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International Women’s Day

by Katy Evans 9th March, 2020

Is it just us, or does International Women’s Day get a little closer to feeling like a big corporate Valentine’s Day each year? We’ve seen companies change their logo to a woman instead of a man (how’s that for progress?!), or change the alliteration of their mantra to make it seem as if they support equal rights – when really, they ought to address the equality disparity in their companies, or you know, just say how the day genuinely makes them feel.

One of the aims of International Women’s Day is to celebrate women, as well as remind us that although we’ve come so far, big figures on yesterday’s headlines prove that there is still progress to be made. This year’s International Women’s Day campaign theme is #EachforEqual. The campaign addresses how we all have our own thoughts and actions that can work together to make a difference, challenge stereotypes, fight prejudice and celebrate women’s achievements.

At Cravens, we’ve had and continue to have the privilege of working with incredible women. We all have our own stories that build different interpretations of what International Women’s Day means for us, and so we’ve asked our colleagues to share their stories. No tricks, no gimmicks or putting lipstick on our logo.

 

Lauren, Account Manager

“Growing up with a condition inherently linked to being a woman, I’ve definitely used the phrase ‘I hate being a woman’ more than I’m proud of. Because I love being a woman. I feel there aren’t the gender barriers there once were, in my life anyway. I’ve never been told ‘no, you’re a girl, you can’t do that’ and everyone in my life has always encouraged me to be my best self, regardless of gender. I love being a woman.”

 

Stephen, Creative Director

“It was two female college lecturers that got me into advertising and copywriting. The first was Anne, a former creative at HHCL, who had worked on the Tango slap campaign – it blew me away that you could get paid to have ideas like that so advertising became my focus. Then on my ad course, it was Sue, a former writer at Ogilvy & Mather who showed me the power of words. So without creative women, I’d probably be an accountant now or something!”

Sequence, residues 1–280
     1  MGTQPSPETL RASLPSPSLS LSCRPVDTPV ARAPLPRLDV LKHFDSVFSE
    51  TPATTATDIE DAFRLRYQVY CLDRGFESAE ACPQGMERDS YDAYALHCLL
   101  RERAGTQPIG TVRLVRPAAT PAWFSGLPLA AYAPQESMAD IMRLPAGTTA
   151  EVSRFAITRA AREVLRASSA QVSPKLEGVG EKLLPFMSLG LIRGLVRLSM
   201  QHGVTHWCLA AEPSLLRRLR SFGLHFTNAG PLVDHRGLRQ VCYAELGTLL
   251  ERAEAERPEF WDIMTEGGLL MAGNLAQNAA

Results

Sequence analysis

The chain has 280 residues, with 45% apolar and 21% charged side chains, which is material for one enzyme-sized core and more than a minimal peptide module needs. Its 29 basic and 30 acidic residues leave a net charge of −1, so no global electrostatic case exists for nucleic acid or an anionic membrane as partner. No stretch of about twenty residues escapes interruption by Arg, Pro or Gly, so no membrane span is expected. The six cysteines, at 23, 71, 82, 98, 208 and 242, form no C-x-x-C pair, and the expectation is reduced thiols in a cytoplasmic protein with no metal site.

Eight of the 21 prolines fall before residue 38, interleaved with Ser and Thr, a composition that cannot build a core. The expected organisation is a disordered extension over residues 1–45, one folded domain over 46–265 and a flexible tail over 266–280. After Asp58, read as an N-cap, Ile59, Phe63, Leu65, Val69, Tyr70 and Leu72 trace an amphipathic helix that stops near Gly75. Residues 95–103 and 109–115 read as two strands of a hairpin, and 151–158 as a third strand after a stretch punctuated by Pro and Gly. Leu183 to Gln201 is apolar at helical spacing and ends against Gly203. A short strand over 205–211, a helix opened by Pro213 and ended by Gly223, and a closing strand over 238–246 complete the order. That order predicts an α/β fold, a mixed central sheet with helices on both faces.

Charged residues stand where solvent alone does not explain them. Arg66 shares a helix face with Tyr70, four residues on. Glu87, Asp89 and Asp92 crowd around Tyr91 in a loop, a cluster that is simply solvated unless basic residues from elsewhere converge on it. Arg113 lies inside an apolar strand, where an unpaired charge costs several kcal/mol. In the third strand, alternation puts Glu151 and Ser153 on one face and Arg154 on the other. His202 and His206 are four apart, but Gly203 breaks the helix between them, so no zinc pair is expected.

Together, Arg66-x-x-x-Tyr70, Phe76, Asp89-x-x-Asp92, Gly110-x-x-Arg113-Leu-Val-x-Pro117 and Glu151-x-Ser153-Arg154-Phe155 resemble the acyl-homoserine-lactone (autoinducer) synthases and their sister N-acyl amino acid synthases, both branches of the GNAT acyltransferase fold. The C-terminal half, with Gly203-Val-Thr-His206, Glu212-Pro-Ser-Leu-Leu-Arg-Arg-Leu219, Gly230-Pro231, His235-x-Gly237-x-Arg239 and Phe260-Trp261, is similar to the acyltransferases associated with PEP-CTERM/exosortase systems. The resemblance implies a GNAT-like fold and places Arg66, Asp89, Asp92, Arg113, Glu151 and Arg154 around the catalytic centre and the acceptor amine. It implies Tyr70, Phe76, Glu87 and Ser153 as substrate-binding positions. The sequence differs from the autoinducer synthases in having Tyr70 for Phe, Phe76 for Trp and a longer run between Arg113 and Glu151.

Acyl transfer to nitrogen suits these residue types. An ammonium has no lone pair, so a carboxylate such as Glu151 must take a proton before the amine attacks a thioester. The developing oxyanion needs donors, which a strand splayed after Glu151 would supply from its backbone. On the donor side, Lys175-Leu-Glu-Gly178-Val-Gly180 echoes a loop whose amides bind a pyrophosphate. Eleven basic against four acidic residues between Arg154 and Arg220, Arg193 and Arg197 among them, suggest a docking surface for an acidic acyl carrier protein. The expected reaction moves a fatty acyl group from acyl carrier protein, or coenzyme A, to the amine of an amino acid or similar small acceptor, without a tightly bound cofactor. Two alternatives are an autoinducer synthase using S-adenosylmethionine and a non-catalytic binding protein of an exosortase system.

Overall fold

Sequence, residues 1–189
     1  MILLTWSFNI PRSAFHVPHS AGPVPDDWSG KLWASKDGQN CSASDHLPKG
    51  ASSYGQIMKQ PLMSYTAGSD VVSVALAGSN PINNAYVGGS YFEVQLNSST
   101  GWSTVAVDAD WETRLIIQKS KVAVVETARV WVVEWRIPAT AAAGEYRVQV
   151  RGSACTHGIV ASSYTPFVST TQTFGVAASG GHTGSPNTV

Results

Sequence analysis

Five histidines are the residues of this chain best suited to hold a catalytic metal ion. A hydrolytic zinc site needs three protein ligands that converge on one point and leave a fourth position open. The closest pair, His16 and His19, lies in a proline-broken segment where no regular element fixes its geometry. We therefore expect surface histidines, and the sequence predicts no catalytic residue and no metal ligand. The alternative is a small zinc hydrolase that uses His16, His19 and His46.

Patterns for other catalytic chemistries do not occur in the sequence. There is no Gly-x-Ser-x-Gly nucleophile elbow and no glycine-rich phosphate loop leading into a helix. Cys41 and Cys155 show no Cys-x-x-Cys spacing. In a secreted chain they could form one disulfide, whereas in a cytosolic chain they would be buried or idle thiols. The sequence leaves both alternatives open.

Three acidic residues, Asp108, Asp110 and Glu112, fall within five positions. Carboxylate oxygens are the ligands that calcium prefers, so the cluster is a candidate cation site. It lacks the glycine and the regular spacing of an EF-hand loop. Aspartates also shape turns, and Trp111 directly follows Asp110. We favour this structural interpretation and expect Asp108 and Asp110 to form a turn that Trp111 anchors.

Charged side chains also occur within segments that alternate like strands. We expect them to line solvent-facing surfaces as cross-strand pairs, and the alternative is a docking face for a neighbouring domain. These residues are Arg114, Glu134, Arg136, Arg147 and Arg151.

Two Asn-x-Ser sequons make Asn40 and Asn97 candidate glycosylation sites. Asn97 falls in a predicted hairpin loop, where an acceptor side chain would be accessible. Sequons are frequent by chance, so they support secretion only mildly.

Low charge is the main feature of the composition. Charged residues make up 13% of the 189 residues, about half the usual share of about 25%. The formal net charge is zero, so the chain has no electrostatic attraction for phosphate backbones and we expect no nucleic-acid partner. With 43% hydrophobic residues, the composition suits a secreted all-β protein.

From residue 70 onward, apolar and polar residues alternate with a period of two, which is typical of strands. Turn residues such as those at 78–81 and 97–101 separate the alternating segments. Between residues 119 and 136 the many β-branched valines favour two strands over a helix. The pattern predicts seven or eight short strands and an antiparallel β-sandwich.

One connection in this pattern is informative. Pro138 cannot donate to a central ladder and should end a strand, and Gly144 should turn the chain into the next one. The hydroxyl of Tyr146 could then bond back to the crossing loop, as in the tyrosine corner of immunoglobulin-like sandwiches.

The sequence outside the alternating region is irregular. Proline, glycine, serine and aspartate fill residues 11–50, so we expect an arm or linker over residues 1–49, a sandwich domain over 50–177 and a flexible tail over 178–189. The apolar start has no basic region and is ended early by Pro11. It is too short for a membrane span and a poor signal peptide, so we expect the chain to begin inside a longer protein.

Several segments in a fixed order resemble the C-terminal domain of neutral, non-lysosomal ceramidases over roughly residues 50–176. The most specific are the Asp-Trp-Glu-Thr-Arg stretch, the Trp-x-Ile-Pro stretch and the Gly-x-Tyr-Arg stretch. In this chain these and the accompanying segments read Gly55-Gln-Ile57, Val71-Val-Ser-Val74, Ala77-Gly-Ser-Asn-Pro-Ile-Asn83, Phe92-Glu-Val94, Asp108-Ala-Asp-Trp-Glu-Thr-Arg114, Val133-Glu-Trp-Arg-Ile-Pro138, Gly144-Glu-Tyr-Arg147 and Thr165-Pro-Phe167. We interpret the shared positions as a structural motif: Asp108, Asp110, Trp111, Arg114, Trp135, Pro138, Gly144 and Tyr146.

Niamh, Copywriter

“Female creative leaders are few and far between, but I’ve managed to find a fair few through Twitter. I love IWD and logging on to see all the positivity and features on interesting, remarkable women flood your feed (#goals). And when you think about it, women in the workplace are pretty incredible. We bleed for days a month and still crack on. Some produce other human beings, that cry and keep you up all night, and make it into work for 9am too. It’s inspiring stuff, and I’m so grateful for all the supportive women I’ve met throughout my career. “

 

Adam, Creative Director

“My GCSE and A level Art tutors, the Scottish duo, Mrs Fitzgerald and Mrs Macintyre gave me so much encouragement in a classroom made up mainly of women. When I got my interview at Newcastle College Mrs Fitz danced across the art room floor in front of everyone, wafting my application letter like she had won the lottery. At Newcastle College, Mrs Dunn had an argument with the Textiles tutor to make sure I specialised in Graphic Design. Then at Bucks New University it was Lynette Murphy, that pushed and pushed me to shine. My Advertising journey is all down to those wonderful women.”

 

Katy, Account and Production Executive

“On International Women’s Day, I’m grateful not only to the women who I have worked with in the past who have been amazing confidants and mentors, but the women who came before them, broke the mould and proved advertising isn’t just a man’s game. I’m grateful to the men who have watched Mad Men and decided not to live by its rules. I’m also grateful for all the powerful women and modern-minded men who have welcomed me, a young woman, and not spoken down to me, or patronised me, but guided me without prejudice in the workplace. These are the exceptional people who instead of knocking me down, have built me up, and I’m sure will continue to do so throughout my career.”